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Welcome to the Vance Center eNotes, where you can read about our organization's latest news and developments.

 November 2017

Vance Center Hosts Panel on Preventing Conflict

Pathway to Peace min

Photo Credit: Catherine Favorite

      The Vance Center and the American Society of International Law hosted a panel discussion on “Pathways for Peace: Inclusive Approaches to Preventing Violent Conflict" at the New York City Bar Association. The event featured the results of a new study on Conflict Prevention and Guarantees of Non-Recurrence, conducted as a part of a larger joint World Bank-United Nations research project, “Sustaining Peace: Making Development Work for the Prevention of Violent Conflict".  The study presents a statistical testing of the relationships between post-conflict policy, including new constitutions, human rights institutions, and transitional justice processes, and conflict reoccurrence.  Panelists included Chris Mahony, Research Fellow at the Centre for International Law Research and Policy who conducted the study, Pablo de Greiff, the United Nations Special Rapporteur on the Promotion of Truth, Justice, Reparation, and Guarantees of Non-Recurrence, and Paige Arthur, the Deputy Director of New York University’s Center on International Cooperation. 
     Mahony first presented the conclusions of his study, highlighting the importance of the adoption of new constitutions and the trials of perpetrators of violence as possible ways of avoiding violent conflict recurrence in post-conflict societies. He described a particularly interesting finding suggesting that the prosecution of lower-level perpetrators predicts a reduced likelihood of conflict recurrence, but that the prosecution of higher-level perpetrators predicts an increased likelihood of conflict recurrence. 
     The panelists then engaged in a lively discussion facilitated by Ms. Arthur, a transitional justice expert herself. Pablo de Greiff noted that the issue of non-recurrence is particularly complex and largely under-theorized, calling for further research. 
     The panelists also discussed the issue of prosecutorial strategies to prevent violent conflict. De Greiff emphasized that, since every wrongful act cannot be prosecuted, it is essential from a pragmatic perspective that prosecutors prioritize certain cases, though such strategies present a variety of challenges and legal questions. De Greiff also pointed out that, although some transitional justice scholars have alleged that justice and peaceful reconciliation cannot coexist, Mahony’s research suggests that trials of specific perpetrators not only does not conflict with peace-building, but that it actually supports it.
     This discussion comes at a critical time, with conflict increasing throughout the world, along with unprecedented transitional justice contexts. As the international community seeks to understand better what does and doesn’t “work” for transitional justice and peace-building, empirical studies such as  Mahony’s will be important.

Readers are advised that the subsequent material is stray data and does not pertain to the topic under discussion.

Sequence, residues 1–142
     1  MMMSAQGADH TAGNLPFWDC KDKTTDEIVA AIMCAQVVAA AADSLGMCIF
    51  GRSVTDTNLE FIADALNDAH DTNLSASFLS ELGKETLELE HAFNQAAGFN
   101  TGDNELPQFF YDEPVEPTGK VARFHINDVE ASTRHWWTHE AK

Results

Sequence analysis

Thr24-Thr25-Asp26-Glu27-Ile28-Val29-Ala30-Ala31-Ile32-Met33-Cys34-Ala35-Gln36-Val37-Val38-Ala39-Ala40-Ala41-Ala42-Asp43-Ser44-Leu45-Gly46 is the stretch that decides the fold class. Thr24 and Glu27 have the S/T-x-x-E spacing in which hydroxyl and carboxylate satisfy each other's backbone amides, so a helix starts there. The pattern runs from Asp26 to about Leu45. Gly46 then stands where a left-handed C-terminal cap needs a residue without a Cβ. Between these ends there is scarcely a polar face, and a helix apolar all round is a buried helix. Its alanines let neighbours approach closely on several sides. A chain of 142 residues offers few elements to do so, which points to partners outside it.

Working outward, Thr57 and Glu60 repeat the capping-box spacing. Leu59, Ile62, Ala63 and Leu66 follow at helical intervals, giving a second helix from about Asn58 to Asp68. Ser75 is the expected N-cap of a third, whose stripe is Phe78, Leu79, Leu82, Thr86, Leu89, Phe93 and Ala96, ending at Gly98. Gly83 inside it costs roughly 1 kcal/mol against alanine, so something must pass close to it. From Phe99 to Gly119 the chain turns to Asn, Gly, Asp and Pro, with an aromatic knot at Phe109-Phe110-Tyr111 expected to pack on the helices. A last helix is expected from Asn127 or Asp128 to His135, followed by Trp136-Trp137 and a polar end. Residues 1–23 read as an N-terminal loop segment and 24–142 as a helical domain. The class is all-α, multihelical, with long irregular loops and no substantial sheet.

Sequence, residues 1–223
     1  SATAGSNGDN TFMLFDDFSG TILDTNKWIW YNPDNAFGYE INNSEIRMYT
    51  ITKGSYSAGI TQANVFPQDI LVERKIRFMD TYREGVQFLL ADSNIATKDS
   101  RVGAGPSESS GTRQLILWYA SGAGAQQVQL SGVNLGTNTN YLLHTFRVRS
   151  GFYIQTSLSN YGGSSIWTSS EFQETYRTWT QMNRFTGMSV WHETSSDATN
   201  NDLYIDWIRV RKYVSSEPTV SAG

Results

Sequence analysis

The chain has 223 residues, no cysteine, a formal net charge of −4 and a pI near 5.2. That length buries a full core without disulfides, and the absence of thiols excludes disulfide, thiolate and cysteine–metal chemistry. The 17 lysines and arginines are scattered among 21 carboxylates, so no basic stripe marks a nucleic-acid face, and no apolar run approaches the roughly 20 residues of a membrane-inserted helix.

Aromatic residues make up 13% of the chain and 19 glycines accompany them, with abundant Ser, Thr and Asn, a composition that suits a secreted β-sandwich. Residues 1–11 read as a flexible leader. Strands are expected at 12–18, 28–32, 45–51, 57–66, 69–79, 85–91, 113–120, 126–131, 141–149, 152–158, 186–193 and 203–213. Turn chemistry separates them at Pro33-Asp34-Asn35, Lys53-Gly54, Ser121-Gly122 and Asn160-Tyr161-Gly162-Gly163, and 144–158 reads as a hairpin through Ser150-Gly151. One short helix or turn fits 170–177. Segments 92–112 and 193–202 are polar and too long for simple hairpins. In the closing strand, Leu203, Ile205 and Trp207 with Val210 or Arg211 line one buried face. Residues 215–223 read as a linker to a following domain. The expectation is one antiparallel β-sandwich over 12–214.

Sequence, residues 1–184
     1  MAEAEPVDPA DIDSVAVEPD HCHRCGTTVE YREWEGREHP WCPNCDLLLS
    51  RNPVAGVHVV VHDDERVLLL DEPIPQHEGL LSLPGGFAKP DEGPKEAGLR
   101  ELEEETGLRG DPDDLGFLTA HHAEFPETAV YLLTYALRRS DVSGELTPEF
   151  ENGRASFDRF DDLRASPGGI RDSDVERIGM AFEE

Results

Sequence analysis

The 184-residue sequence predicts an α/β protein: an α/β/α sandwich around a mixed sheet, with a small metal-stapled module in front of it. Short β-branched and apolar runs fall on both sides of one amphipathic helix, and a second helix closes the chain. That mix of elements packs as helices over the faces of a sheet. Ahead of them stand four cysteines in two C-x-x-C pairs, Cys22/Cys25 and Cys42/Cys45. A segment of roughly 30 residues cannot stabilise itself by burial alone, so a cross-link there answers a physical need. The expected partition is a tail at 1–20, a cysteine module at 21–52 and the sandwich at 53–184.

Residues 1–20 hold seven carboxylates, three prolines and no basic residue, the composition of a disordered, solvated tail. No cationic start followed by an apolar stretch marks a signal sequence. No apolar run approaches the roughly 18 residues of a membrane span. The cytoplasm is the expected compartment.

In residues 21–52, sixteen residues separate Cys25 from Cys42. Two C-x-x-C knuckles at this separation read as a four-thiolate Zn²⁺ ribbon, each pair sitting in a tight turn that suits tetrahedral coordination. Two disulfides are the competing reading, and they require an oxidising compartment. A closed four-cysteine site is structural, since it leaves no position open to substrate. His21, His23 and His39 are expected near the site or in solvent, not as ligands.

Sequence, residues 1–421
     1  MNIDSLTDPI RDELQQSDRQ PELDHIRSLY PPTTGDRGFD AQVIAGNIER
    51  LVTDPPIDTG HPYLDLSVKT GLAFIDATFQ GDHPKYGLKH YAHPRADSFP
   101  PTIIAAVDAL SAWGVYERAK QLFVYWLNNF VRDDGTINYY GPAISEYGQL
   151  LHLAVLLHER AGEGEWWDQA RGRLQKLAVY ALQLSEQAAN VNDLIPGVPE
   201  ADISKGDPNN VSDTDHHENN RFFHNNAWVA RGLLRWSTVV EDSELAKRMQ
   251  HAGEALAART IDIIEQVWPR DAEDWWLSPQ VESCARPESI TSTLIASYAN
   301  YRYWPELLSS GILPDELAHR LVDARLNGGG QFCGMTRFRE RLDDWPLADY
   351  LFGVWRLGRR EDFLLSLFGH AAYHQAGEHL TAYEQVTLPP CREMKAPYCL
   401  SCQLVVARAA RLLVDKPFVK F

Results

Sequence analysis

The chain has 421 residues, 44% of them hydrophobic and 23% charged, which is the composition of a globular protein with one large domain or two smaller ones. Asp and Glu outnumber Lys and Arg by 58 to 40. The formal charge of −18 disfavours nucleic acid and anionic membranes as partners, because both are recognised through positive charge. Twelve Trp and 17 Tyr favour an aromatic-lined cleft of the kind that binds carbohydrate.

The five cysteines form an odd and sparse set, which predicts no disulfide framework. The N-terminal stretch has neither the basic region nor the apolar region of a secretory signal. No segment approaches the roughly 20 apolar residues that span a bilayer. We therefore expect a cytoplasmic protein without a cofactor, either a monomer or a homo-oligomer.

Vance Center and Latin Lawyer Publish 2017 Pro Bono Survey

 Latin Lawyer Logo
Photo Credit: Latin Lawyer

     The Vance Center and Latin Lawyer have partnered for the sixth consecutive year to conduct an annual survey of pro bono practice in Latin America evaluating the quantity and quality of pro bono work locally and regionally, as well as the infrastructure in place to institutionalize pro bono practice.  Over 130 law firms from more than 20 countries participated in this year’s survey.
     The 2017 survey indicates promising growth in pro bono practice in the region.  Law firms are focusing their efforts on implementing policies, having pro bono committees (63%) and coordinators (75%), recognizing the pro bono work of their lawyers (over 70%), and measuring the numbers and impact of their pro bono hours.  There also has been an important uptick in partner involvement with pro bono work.  The number of law firms whose partners reach or surpass the 20-hour benchmark set by the Pro Bono Declaration for the Americas has doubled. Partner supervision of projects has also increased to 85%. “That’s a key statistic”, Vance Center Committee Co-Chair and White & Case partner Sabrena Silver explained to Latin Lawyer.  Indeed, engaged partners who lead by example play a key role in changing the pro bono landscape.

     The main grounds for optimism in this year’s survey are the new pro bono clearinghouses that have emerged, expanding pro bono work within law firms and internationally.  As Vance Center Executive Sub-Committee member and Shearman & Sterling partner Antonia Stolper explained to Latin Lawyer, “In the 12 years I have been working with the Vance Center, we have gone from almost nothing to quite a large Americas-wide mission.  We now have 13 pro bono clearing houses in the region and more about to open. I don’t know if the survey data really capture that institutionalization.”